A researcher’s framework for understanding the world influences the sort of social psychological knowledge that we gain, and, in turn, attempt to use to create our own framework.
“The form and timing of the story, the nature of the social psychology and social psychological responses it inspired at the time, and how this body of work has developed over time are related,” Manning says. “Interest in a different story of a different event at a different time, or in a different place, would, I would argue, have resulted in a different overall body of work — at least with different emphases.”
Confirmation bias also played a role: The narrative that spread and the research that resulted from it easily slid into a worldview that people wanted, rather than one that existed.
Manning and her colleagues note in their paper that from the 1960s onward, the American Psychological Association called for psychology to promote human welfare and contribute to social life.
At the same time, the suburbs of the 1960s boomed, while social commentators became consumed with concern over an “urban crisis” and the moral heart of the American people.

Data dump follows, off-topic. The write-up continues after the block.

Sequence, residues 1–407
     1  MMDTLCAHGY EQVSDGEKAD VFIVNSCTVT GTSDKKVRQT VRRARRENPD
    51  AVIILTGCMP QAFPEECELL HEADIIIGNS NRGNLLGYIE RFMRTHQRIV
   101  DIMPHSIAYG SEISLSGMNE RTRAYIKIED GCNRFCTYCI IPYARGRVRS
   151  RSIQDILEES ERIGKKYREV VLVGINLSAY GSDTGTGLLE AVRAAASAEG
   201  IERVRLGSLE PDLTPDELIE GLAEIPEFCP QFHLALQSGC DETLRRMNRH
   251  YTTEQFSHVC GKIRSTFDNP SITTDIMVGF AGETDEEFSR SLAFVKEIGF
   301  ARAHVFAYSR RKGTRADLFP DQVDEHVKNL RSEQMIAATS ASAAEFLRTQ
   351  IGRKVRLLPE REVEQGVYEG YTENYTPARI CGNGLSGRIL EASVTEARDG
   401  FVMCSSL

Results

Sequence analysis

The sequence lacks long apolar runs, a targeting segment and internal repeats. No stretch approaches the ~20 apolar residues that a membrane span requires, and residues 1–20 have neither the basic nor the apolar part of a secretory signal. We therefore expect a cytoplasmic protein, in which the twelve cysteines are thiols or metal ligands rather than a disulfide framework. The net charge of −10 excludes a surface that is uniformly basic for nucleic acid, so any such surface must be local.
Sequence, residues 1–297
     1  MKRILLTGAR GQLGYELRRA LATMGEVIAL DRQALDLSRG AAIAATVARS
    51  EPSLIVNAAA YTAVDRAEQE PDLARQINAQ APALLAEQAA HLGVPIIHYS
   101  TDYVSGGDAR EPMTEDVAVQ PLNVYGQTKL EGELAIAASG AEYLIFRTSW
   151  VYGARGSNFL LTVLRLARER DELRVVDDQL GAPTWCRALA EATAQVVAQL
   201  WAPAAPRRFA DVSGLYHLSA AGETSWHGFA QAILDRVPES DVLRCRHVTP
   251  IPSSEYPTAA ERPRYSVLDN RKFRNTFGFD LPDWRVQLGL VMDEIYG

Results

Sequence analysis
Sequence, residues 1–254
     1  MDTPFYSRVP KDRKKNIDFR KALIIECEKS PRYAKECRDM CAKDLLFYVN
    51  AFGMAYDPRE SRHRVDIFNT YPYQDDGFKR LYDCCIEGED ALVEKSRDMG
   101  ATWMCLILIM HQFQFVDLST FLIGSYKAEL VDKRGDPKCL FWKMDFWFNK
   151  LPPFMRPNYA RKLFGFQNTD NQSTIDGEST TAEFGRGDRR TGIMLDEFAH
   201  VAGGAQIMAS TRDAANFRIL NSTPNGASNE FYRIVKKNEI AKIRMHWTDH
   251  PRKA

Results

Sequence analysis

“I think it’s absolutely right that the ‘moral’ of the myth [of the 38 witnesses] suited a narrative that journalists and social scientists wanted to tell,” Cook says. “It seemed to explain something about urban life — how neighbors in the cold, unfeeling city would watch someone die and make no effort to help.
“The way Rosenthal interpreted, and the Times played it on the front page two weeks after the crime, led to ‘apathy beats’ at other papers, and, of course, the story is still widely understood as a case of apathy on the part of Kitty’s neighbors.”
Kitty Genovese’s story continues to inform the public. Manning notes the presence of the 38 witnesses in many introductory psychology textbooks is problematic, because in the context of a textbook, “such stories tell us about the kinds of problems in the social world that we need to address.”
She suggests the ubiquity of this story has limited the range of phenomena that social psychologists tend to examine in relation to helping behavior.
While there have been many studies conducted on pro-social behavior, a large amount of them operate under the assumed understanding that the presence of others has negative results.
Research on this phenomena, Manning argues, hasn’t necessarily led to practical applications or a broader positive contribution to human welfare. It mostly reinforces what we’ve already presumed.
The discipline of neuroscience, however, could help change the belief that bystanders react similarly. Ruud Hortensius, Ph.D., is a neuroscience and psychology research officer at the University of Glasgow.